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Installing ROS 2 on Linux

This page explains how to install ROS 2 on Linux from a pre-built binary package.

As of Beta 2 there are also Debian packages available.

System Requirements

We support Ubuntu Linux Bionic Beaver (18.04) and Ubuntu Xenial Xerus (16.04) on 64-bit x86 and 64-bit ARM.

Note: Ardent and beta versions supported Ubuntu Xenial Xerus 16.04.

Downloading ROS 2

  • Go the releases page

  • Download the latest package for Linux; let’s assume that it ends up at ~/Downloads/ros2-crystal-linux-x86_64.tar.bz2.

    • Note: there may be more than one binary download option which might cause the file name to differ.

  • Unpack it:

    mkdir -p ~/ros2_install
    cd ~/ros2_install
    tar xf ~/Downloads/ros2-crystal-linux-x86_64.tar.bz2

Installing and initializing rosdep

sudo apt install -y python-rosdep
rosdep init # if already initialized you may continue
rosdep update

Installing the missing dependencies

Set your rosdistro according to the release you downloaded.

CHOOSE_ROS_DISTRO=crystal # or bouncy
rosdep install --from-paths ros2-linux/share --ignore-src --rosdistro $CHOOSE_ROS_DISTRO -y --skip-keys "console_bridge fastcdr fastrtps libopensplice67 libopensplice69 osrf_testing_tools_cpp poco_vendor rmw_connext_cpp rosidl_typesupport_connext_c rosidl_typesupport_connext_cpp rti-connext-dds-5.3.1 tinyxml_vendor tinyxml2_vendor urdfdom urdfdom_headers"
  1. Optional: if you want to use the ROS 1<->2 bridge, then you must also install ROS 1. Follow the normal install instructions: http://wiki.ros.org/kinetic/Installation/Ubuntu

Installing the python3 libraries

sudo apt install -y libpython3-dev

Install additional DDS implementations (optional)

ROS 2 builds on top of DDS. It is compatible with multiple DDS or RTPS (the DDS wire protocol) vendors.

The package you downloaded has been built with optional support for multiple vendors: eProsima FastRTPS, Adlink OpenSplice, and (as of ROS 2 Bouncy) RTI Connext as the middleware options. Run-time support for eProsima’s Fast RTPS is included bundled by default. If you would like to use one of the other vendors you will need to install their software separately.

RTI Connext (version 5.3.1, amd64 only)

To use RTI Connext you will need to have obtained a license from RTI. Add the following line to your .bashrc file pointing to your copy of the license (and source it).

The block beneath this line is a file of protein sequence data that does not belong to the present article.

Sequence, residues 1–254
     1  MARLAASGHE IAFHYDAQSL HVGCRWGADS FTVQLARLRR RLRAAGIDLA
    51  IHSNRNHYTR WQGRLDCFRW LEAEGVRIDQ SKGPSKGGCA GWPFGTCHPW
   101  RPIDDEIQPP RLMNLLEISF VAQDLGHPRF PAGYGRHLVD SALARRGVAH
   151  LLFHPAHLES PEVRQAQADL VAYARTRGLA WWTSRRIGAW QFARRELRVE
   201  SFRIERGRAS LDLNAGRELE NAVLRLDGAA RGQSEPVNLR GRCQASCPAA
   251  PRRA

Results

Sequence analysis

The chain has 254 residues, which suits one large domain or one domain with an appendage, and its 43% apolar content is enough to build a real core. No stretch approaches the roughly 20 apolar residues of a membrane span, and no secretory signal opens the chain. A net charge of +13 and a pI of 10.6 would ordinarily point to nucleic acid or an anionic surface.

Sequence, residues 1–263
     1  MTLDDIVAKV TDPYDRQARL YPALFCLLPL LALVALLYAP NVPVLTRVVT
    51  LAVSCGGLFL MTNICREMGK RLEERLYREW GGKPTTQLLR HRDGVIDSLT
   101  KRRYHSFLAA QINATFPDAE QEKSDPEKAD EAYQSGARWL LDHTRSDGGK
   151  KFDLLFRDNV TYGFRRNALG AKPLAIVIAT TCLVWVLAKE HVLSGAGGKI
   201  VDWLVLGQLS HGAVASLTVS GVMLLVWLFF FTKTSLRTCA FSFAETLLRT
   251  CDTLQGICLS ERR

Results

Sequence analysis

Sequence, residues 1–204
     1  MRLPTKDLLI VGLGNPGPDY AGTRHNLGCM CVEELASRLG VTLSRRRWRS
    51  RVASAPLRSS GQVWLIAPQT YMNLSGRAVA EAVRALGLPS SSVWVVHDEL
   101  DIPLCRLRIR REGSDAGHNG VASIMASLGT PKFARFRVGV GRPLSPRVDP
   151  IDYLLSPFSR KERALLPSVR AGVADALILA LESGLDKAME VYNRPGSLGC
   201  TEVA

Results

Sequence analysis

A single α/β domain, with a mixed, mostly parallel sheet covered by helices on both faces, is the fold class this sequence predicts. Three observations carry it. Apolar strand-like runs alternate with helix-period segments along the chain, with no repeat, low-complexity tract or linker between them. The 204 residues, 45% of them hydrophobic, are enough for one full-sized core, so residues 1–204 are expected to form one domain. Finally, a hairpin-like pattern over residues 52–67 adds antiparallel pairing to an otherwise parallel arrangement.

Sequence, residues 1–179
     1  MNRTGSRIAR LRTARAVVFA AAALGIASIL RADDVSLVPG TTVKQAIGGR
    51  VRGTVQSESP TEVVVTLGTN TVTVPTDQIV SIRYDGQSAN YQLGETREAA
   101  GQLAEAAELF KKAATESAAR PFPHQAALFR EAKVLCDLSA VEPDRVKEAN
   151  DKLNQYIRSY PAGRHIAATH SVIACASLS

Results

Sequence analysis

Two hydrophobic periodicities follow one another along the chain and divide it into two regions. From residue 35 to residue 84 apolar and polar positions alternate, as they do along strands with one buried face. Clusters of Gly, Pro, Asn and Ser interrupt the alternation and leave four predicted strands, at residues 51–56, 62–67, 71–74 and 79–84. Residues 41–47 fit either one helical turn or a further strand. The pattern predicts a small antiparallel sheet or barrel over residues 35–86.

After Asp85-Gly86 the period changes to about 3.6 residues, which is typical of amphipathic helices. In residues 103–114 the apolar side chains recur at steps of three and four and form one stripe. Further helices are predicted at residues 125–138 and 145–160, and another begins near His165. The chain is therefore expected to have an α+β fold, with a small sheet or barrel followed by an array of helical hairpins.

export RTI_LICENSE_FILE=path/to/rti_license.dat

You can install a Debian package of RTI Connext built by OSRF. You will need to accept a license from RTI.

sudo apt update && sudo apt install -q -y \

If you want to install the Connext DDS-Security plugins please refer to this page.

Try some examples

In one terminal, source the setup file and then run a talker:

. ~/ros2_install/ros2-linux/setup.bash
ros2 run demo_nodes_cpp talker

In another terminal source the setup file and then run a listener:

. ~/ros2_install/ros2-linux/setup.bash
ros2 run demo_nodes_cpp listener

You should see the talker saying that it’s Publishing messages and the listener saying I heard those messages. Hooray!

If you have installed support for an optional vendor, see this page for details on how to use that vendor.

See the demos for other things to try, including how to run the talker-listener example in Python.

Using the ROS 1 bridge

If you have ROS 1 installed, you can try the ROS 1 bridge, by first sourcing your ROS 1 setup file. We’ll assume that it is /opt/ros/melodic/setup.bash in the following.

If you haven’t already, start a roscore:

. /opt/ros/melodic/setup.bash

In another terminal, start the bridge:

. /opt/ros/melodic/setup.bash
. ~/ros2_install/ros2-linux/setup.bash
ros2 run ros1_bridge dynamic_bridge

For more information on the bridge, read the tutorial.

Build your own packages

If you would like to build your own packages, refer to the tutorial "Using Colcon to build packages".